Accessibility links

Breaking News

Newsline - June 17, 2005

Speaking at a 16 June cabinet meeting, Economic Development and Trade Minister German Gref said that economic growth in Russia will slow in 2005 to 5-6 percent from 7.1 percent in 2004, "Nezavisimaya gazeta" and other Russian media reported on 17 June. He predicted that capital flight will reach at least $5 billion to $7 billion, and oil exports will fall by at least 10 million tons (65 million barrels) due to "a decline in production and exporting efficiency, which is connected to a lack of pipeline development and, of course, to a cut in Yukos's production for reasons that are well-known." Inflation will certainly exceed the projected level of 8.5 percent and foreign investment will decrease. Gref's figures cast doubt over whether President Vladimir Putin's stated goal of doubling gross domestic product by 2012 can be met. VY

Prime Minister Mikhail Fradkov criticized Economic Development and Trade Minister Gref's forecasts, saying that the ministry itself is responsible for the slowdown in economic growth. He added that Gref's ministry failed to produce any meaningful plan using the government's investment fund to stimulate the economy. Fradkov was quick to add that the so-called stabilization fund remains untouchable, "Izvestiya" reported on 17 June. "Forget about the stabilization fund," Fradkov was quoted by the daily as saying. "Nezavisimaya gazeta" commented that criticism directed toward Gref from within the government and the media has become a constant exercise in recent months and it seems to be a coordinated public-relations campaign. VY

Speaking at a press conference in Moscow on 15 June, a group of pro-Kremlin political consultants and analysts said that the liberal ministers in the government, including Economic Development and Trade Minister Gref, Finance Minister Aleksei Kudrin, and Health and Social Development Minister Mikhail Zurabov, are positioned as shadow allies of those, "who want to instigate a 'birch revolution' in Russia," "Izvestiya" and "Nezavisimaya gazeta" reported on 17 June. Political analyst Sergei Markov said it is impossible to organize a revolution in Russia without a social-economic crisis, and that one could be deliberately provoked by the liberal ministers' reforms. Markov said former Prime Minister Mikhail Kasyanov is the main focus of the anti-Putin coalition preparing for the 2008 presidential campaign and some ministers who joined the cabinet while he was in charge are still loyal to him. National Strategy Council head Valerii Khomyakov said potential allies of Kasyanov, whom he described as the preferred candidate of the "oligarchic-revanche party," could also include many regional governors who have already been reappointed and who are unhappy with Kremlin policies. VY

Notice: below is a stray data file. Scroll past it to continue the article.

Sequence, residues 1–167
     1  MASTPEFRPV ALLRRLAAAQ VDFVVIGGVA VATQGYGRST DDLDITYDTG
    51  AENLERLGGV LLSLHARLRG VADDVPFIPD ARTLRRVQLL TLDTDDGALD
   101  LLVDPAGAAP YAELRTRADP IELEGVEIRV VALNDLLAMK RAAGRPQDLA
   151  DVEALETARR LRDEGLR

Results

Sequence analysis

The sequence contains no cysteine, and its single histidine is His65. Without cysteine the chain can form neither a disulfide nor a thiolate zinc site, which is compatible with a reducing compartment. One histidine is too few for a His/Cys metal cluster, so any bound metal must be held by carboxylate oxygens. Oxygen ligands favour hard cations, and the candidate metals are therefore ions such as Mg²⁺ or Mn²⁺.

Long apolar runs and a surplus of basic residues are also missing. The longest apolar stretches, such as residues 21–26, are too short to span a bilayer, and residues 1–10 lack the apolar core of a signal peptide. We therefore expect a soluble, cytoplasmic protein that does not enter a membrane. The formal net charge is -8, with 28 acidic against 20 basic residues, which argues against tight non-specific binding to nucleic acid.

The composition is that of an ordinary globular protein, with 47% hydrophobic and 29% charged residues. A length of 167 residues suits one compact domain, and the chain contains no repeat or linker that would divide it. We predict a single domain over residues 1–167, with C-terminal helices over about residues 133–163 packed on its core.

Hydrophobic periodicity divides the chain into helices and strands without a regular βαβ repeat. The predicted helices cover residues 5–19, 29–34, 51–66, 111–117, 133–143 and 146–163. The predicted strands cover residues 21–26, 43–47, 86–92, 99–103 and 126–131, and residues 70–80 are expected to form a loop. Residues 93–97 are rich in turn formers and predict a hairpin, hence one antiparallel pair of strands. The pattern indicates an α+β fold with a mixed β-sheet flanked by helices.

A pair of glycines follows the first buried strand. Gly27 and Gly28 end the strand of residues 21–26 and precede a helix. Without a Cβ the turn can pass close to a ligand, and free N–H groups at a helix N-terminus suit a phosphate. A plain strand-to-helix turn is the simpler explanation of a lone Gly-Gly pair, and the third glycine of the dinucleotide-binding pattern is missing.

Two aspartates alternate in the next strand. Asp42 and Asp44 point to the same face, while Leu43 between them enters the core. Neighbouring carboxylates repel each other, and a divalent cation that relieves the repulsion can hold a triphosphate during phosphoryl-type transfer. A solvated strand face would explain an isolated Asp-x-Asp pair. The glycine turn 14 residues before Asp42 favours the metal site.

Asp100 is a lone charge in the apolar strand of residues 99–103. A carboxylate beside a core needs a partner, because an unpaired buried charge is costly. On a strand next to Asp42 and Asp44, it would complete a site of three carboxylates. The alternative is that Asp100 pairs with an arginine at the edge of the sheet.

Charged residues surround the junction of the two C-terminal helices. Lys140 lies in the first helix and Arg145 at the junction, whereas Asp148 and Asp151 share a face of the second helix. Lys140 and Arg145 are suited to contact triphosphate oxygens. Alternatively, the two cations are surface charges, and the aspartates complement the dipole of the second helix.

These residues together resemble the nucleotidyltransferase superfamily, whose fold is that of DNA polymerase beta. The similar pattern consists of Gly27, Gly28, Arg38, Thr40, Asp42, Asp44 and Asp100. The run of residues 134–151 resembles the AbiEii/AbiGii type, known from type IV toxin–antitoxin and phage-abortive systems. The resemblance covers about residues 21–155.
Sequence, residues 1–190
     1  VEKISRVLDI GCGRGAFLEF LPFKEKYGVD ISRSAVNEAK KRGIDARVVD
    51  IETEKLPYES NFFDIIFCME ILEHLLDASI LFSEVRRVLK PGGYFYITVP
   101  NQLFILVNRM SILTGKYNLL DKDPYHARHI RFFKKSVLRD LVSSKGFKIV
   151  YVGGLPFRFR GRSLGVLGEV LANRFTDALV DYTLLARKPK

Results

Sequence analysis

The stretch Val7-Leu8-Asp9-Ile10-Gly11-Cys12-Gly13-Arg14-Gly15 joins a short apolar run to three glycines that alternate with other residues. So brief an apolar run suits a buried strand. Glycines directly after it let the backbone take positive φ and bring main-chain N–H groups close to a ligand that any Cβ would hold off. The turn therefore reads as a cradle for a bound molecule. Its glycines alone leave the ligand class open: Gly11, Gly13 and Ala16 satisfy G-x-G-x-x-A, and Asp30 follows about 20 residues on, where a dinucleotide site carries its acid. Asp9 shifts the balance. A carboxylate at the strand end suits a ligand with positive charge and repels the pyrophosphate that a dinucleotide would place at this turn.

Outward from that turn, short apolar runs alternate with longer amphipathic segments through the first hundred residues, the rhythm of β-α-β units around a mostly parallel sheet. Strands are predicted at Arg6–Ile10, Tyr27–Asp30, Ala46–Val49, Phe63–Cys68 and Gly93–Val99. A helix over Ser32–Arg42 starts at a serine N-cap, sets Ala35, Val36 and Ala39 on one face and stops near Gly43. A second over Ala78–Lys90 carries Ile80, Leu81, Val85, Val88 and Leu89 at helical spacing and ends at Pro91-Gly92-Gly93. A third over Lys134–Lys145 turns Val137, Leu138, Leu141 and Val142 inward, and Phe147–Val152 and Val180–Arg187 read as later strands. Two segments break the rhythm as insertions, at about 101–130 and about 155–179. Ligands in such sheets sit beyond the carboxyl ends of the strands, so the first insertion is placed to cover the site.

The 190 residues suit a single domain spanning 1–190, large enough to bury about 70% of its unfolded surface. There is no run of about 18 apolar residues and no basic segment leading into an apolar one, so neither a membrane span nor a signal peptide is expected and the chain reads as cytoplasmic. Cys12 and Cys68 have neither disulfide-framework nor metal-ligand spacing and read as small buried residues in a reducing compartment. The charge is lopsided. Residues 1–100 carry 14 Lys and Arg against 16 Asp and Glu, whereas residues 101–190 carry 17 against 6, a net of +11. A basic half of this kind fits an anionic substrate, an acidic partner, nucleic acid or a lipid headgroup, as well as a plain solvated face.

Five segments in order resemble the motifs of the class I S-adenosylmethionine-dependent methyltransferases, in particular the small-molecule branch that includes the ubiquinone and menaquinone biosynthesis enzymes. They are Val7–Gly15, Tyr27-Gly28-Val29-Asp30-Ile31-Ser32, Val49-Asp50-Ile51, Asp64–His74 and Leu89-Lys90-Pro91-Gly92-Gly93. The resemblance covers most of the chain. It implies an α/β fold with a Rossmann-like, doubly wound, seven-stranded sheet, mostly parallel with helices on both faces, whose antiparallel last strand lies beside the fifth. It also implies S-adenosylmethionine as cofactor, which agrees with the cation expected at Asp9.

The board of directors of natural-gas giant Gazprom approved on 16 June a deal to sell a 10.74 percent stake in the company to the wholly state-owned corporation Rosneftegaz for 203.5 billion rubles ($7.1 billion), RIA-Novosti and other media reported. The deal increases the state's stake in Gazprom to just over 50 percent, securing Kremlin control over the company. Presidential administration head Dmitrii Medvedev is the chairman of Gazprom's board. The government on 16 June announced that after the deal is completed, it will liberalize the market in Gazprom shares and provide equal access to them for domestic and foreign investors. At present, Gazprom shares in Russia are much cheaper than shares acquired internationally and foreign investors are not allowed to purchase the Russian shares. VY

State Duma First Deputy Speaker Lyubov Sliska (Unified Russia) said on 15 June that she supports the idea of school courses on "the basics of traditional religious confessions," reported. She said she categorically opposes teaching about Protestantism, Mormonism, the Jehovah's Witnesses, and other similar confessions. The "traditional" religions of Russia are Russian Orthodoxy, Judaism, Islam, and Buddhism. Sliska stressed that 85 percent of Russians "are Christians of the Russian Orthodox faith." "It is not important that the church be separate from the state," she said. "Russian Orthodoxy is our religion, in which many generations have been raised." "Nezavisimaya gazeta" on 7 June quoted Patriarch of Moscow and All Russia Aleksii II as saying that "in Russia, the church is separated from the state, but not from society or the people." VY